Despite all that, we were all grateful for the little they could bring. We needed it for our newest member of the family: little Sophie.
Everyone was her big uncle or auntie and she was the main attraction of the base, running through the hallways and singing all the time.
By the age of four she knew how to fix a secondary mainframe with Toby; by five she was readjusting the plumbing pressure in the station, and when she was seven she was helping Admiral Mathias adjust the orbital position to avoid the huge magnetic storms from Jupiter. She was brighter than any star in our galaxy. We were happy and poor, we had nothing but each other and we learned to enjoy it.
Then Antares was discovered: A giant planet with the mass equivalent of Earth in crude oil inside of it, covered by a five-hundred-foot thin crust of rock and ice, and only a few million miles away from our planet.
Tekchorp took ownership of the planet as soon as it laid eyes on it and began preparations for extraction.
The initial tests exceeded the most optimistic predictions. The new oil was burning seven times faster and cleaner than conventional oil. The traders were in a nonstop celebratory frenzy while the environmentalists were filling the streets condemning the return of fossil fuel in their lives.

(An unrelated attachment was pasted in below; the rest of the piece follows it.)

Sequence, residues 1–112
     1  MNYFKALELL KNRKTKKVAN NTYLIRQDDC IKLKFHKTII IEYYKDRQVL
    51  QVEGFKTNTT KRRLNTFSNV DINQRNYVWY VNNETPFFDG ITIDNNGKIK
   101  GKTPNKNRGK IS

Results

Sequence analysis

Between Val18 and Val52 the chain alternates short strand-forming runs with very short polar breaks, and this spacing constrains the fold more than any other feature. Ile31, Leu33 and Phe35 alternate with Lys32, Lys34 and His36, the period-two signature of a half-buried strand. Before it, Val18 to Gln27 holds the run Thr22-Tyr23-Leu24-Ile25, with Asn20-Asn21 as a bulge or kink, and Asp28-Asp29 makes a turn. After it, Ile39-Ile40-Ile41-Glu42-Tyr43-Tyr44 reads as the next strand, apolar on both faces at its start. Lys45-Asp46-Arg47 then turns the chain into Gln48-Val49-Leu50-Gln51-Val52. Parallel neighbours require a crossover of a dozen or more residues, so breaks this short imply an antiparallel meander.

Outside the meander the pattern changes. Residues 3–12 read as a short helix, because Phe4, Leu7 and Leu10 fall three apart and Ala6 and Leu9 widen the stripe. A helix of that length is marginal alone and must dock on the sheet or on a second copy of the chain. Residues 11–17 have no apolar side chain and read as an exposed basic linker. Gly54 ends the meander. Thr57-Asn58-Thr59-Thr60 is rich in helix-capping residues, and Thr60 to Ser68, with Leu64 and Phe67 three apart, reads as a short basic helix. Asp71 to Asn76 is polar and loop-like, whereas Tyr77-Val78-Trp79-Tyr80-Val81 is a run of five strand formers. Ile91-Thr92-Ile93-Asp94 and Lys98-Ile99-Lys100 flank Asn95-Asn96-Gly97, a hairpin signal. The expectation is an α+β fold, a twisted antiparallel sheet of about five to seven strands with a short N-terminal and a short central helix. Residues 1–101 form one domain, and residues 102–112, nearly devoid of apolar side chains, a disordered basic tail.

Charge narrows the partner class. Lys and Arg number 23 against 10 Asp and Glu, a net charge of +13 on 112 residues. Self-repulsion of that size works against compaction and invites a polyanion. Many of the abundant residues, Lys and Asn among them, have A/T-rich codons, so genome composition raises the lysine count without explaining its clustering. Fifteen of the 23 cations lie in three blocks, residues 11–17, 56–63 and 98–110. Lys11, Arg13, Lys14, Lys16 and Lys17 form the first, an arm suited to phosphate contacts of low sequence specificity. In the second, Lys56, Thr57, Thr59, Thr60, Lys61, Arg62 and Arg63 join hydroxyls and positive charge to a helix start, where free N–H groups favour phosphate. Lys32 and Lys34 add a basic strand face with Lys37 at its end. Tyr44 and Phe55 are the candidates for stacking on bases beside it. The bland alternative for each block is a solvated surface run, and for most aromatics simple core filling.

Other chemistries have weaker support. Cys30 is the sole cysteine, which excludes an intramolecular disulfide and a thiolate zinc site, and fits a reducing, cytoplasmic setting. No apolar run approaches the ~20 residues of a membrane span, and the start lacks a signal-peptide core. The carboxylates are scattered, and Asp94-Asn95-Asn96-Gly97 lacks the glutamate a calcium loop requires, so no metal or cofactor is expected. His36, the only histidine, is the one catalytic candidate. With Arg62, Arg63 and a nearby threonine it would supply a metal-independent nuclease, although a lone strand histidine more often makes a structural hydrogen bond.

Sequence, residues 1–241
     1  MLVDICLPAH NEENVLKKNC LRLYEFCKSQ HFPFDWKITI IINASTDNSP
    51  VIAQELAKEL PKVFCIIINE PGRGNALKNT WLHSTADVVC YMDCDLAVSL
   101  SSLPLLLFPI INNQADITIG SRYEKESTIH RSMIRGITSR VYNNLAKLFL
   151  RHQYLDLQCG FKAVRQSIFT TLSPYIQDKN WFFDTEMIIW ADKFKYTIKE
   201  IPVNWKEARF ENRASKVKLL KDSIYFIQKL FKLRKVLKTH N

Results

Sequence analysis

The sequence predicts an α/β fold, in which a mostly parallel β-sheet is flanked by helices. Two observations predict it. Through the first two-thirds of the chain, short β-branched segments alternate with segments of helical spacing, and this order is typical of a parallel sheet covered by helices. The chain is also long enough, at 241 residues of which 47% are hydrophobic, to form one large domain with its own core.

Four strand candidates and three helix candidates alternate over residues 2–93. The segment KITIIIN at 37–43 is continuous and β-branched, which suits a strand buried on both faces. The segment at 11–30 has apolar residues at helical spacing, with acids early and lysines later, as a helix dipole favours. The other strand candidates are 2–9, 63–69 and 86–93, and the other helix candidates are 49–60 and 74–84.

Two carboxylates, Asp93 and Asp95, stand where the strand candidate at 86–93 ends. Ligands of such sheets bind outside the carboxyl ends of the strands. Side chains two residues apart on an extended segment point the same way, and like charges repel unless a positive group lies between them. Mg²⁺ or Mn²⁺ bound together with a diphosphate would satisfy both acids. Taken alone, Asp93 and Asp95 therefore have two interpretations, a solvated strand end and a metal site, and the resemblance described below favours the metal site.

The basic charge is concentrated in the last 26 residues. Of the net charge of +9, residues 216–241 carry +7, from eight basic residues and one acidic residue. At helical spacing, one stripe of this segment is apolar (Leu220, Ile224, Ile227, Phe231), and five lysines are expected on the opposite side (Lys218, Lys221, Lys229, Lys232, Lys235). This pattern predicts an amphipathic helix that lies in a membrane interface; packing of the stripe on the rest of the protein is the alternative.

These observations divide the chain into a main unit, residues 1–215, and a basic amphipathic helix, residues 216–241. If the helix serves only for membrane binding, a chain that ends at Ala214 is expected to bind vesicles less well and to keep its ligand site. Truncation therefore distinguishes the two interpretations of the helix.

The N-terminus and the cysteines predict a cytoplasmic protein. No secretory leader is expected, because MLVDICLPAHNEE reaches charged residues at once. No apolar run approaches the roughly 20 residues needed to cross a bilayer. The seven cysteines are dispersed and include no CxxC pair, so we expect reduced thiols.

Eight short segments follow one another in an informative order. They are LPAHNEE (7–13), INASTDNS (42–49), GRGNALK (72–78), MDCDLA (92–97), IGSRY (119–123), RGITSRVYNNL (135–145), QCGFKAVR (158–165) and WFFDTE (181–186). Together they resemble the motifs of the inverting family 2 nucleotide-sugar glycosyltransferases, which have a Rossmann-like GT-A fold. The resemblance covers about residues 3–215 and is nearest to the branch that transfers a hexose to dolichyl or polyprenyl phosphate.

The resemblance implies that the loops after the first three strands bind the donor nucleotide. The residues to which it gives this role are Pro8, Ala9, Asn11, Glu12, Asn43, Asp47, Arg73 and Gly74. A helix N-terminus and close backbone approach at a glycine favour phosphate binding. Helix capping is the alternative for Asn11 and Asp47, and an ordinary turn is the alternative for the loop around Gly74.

But people listen to someone in a suit and tie, not to a shouting teenager with a banner, and soon, your average Joe would have a V8 powered lawn mower for that smooth rumble on low revs.
All that potential for prosperity at the hands of the wrong people could only lead to one thing: war.
Everyone wanted a piece of the pie, and it was not fair that a single company owned an entire planet full of oil.
Laws had been drafted in favour of both sides in a stupid bid of “I want the red car, mommy,” while good soldiers were dying at the hands of their former comrades who were now killers for hire.
We were called in for active duty after Tekchorp paid the government, and for the first time in more than ten years, we had food in our bellies and heat in our quarters.
We had the best gear money could buy: no more torn boots stapled to the soles, and no more reasons to talk to each other anymore.
Comfort changes people, mostly for the worst, and soon the hallways were full of stupid rumours and gossips rather than the usual banter and laughter.
The attack was sudden.
A huge explosion woke me up in the middle of the night, and before I knew it, I was trapped under the floor in the emergency capsule while my daughter was being sucked out into space. She was too light for the capsule to recognize her as a person and it didn’t engage.